Shaking loose the fiction around earthquake safety codes

Op-eds Opinions
OPI Turpin Building - Belle White
File photo by Belle White/The Martlet

When the big earthquake hits, will the buildings on campus survive? Earthquake retrofits or not, the answer is most likely no.

It’s a common mistake to think that seismic retrofits (like the kind applied to Clearihue’s A-Wing about six years ago) will ‘save’ the building from an earthquake. In the case of a gentle shake, that’s pretty much correct.

But when the big one hits, most of the buildings on campus are going to be severely damaged, requiring extensive repairs or complete demolition. Why? Because the National Building Code of Canada (NBCC) does not require that standard buildings survive an earthquake — it requires that people inside be able to evacuate safely.

Not that I think we should change the code. It’s very hard and very expensive to design and build a structure that will survive a major earthquake unscathed. There is a set standard for buildings which will survive a major earthquake intact in the NBCC, but it is very restrictive on building shape and materials and requires lots of overdesign and high performance materials.

This standard is applied to buildings that absolutely must function after a major disaster, like hospitals or fire halls, and applying this standard to every new structure would make most buildings prohibitively expensive to build.

The biggest concern for earthquakes on campus are, unsurprisingly, the older buildings. Earlier buildings were built under earlier versions of the current code, with different requirements for structures in an earthquake. Knowledge of structural response to earthquakes has made huge advances in the last 50 years, and the NBCC has changed to reflect this. Clearihue and Cornett, both built in the 1960s, have both had major seismic refits, and should be safe in an earthquake. It is unlikely, however, that either of the two will survive a major earthquake without requiring demolition afterwards. The cost and quantity of repairs would likely be so excessive, it would likely be simpler and cheaper to build a new building.

The more modern buildings, like the Engineering/Computer Science Building, will fare better, having been built to adhere to more stringent earthquake codes. However, these modern codes still have life safety as their primary focus.

David Turpin was of particular concern. Originally, it was built as the primary UVic emergency operations center (EOC), but is now the backup EOC. During the design phase of the building, portions of the second floor geography department were custom-designed to replace the older EOC in Campus Security. Generators and custom generator outlets were installed (in addition to regular electrical outlets), and large closets for emergency supplies were built in.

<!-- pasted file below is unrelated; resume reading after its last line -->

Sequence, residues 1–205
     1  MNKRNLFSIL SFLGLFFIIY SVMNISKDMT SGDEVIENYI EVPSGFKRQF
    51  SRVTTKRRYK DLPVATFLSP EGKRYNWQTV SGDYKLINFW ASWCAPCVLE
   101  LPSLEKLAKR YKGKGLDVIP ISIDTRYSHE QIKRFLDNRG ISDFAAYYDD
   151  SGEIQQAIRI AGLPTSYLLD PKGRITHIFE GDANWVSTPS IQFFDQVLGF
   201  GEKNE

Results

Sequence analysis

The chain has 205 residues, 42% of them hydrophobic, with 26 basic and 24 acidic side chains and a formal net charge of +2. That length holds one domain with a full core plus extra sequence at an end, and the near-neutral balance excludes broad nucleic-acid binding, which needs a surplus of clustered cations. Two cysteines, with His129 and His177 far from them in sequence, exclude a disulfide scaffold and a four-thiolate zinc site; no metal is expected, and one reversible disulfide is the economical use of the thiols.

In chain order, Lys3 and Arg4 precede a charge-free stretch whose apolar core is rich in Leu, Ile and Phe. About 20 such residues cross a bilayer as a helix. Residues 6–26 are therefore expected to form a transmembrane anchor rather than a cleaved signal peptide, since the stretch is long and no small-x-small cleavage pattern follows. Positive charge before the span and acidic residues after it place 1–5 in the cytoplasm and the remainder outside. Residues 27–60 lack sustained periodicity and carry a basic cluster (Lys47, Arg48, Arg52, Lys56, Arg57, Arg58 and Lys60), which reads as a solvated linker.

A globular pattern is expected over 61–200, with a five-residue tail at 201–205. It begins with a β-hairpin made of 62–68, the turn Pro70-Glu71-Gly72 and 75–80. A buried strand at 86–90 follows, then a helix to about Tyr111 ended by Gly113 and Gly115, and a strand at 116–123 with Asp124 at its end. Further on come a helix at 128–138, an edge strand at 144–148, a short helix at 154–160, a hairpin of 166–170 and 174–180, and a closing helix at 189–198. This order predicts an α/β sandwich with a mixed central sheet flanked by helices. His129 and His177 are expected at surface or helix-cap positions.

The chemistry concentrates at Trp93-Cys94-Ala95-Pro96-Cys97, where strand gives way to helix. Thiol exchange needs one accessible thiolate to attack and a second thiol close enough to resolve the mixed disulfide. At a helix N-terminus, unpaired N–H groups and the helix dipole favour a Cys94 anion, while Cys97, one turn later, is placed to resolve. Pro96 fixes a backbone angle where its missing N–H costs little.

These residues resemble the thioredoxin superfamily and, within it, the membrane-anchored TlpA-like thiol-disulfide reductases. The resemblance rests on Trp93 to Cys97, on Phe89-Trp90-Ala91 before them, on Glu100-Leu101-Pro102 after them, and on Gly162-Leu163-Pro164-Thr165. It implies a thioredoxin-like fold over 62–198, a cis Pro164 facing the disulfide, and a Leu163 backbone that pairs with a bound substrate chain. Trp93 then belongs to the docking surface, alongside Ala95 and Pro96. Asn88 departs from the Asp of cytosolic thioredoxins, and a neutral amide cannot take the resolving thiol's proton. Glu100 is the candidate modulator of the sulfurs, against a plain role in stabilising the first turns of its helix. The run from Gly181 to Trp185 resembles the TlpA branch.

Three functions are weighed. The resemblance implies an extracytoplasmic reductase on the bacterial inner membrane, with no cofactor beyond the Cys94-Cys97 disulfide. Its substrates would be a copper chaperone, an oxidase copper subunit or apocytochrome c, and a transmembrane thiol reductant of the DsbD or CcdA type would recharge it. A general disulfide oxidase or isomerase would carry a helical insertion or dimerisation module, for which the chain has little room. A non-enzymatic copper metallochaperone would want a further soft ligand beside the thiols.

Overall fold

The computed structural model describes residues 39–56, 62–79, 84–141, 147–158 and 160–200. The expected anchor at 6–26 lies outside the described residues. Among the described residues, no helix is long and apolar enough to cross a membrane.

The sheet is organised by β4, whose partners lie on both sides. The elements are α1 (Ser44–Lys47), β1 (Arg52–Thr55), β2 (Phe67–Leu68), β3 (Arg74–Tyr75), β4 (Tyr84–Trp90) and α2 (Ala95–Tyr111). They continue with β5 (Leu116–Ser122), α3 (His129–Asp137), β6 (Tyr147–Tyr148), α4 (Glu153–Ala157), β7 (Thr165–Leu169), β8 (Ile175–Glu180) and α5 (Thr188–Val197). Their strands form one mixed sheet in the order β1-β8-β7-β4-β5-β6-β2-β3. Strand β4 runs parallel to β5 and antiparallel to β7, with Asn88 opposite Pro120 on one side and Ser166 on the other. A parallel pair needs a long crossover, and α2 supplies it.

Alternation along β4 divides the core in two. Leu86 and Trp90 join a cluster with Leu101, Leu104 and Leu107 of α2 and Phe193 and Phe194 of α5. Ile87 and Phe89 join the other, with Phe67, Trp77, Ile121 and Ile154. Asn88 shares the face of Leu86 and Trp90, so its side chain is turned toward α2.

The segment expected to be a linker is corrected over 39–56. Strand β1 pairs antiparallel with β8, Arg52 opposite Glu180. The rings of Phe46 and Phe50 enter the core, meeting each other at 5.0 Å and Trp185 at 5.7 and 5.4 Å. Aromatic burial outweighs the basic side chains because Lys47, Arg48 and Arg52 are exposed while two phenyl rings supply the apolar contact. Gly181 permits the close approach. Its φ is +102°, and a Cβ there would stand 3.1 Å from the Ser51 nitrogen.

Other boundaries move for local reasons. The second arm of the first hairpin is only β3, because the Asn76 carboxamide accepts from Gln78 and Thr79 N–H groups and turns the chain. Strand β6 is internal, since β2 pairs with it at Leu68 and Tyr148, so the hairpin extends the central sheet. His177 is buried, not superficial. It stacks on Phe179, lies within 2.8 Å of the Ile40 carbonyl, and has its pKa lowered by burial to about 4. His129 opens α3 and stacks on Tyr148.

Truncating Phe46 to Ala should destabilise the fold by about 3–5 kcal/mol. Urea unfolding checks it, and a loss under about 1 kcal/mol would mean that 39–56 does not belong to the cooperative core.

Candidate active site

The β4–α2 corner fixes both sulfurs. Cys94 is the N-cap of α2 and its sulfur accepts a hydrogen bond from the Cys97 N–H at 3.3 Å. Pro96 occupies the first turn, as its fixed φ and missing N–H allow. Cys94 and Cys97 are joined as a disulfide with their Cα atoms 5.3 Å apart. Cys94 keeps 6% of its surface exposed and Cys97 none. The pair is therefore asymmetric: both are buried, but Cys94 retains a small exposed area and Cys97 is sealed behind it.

But no design provisions were made for post-earthquake occupancy of the building, and this meant UVic’s emergency center could be permanently unavailable after a quake. This is an example of failure to properly plan for building use post-earthquake — it would take at least a day to certify a large, concrete, structure like David Turpin as safe for use.

When the Christchurch, New Zealand, earthquake hit the University of Canterbury (UC), one of the major strengths of their response was their EOC was in a small, wood frame building, which was easy and quick (a matter of only a couple of hours) to evaluate and certify as safe after the quake and each of the many aftershocks. Applying this lesson to UVic, the emergency planning department decided to make the Campus Security Center the primary EOC. This is a simpler structure, which will be easier to certify as safe.

Currently, UVic has plans to upgrade 3 buildings to post-disaster occupancy: Campus Security (as their EOC) and the two main shop buildings (necessary for a quick recovery to any disaster). Additionally, the new Energy Distribution Center is planned to be built to the post-disaster standard. This is a wise policy. By ensuring their critical buildings have the greatest chance to be useable post-disaster, UVic’s emergency planning staff has put into place the groundwork for effective management of the disaster and made recovery from an earthquake easier.

The rest of UVic’s buildings will not be as important to re-enter immediately. This is acknowledged accordingly in UVic’s earthquake planning, which includes plans for temporary classrooms and other facilities on sports fields. This parallels UC’s effective response to the 2011 Christchurch earthquake.

Students and faculty can expect a great deal of dislocation post-quake. Buildings, especially older ones, may have to be demolished, contents and all. UVic carries insurance against this possibility, including insurance to cover the loss of unique apparatus. For faculty members doing research, cataloguing their apparatus is an important disaster response task, to speed up insurance claims and resume normal research.

Those buildings which survive and can still be used may require extensive repairs, which could take months. Each and every aftershock will require the damage assessment teams to go back through each building and re-certify it as safe. Classes will likely be conducted in tents or in pre-fabricated buildings for months, and, as was seen at UC, some of the pre-fabricated buildings could be in use years later.

When the big one hits, UVic will lose access to its buildings: some of them for days, some for months, and some forever. Fortunately, this is acknowledged in UVic’s planning, but it is something that faculty and students should know too.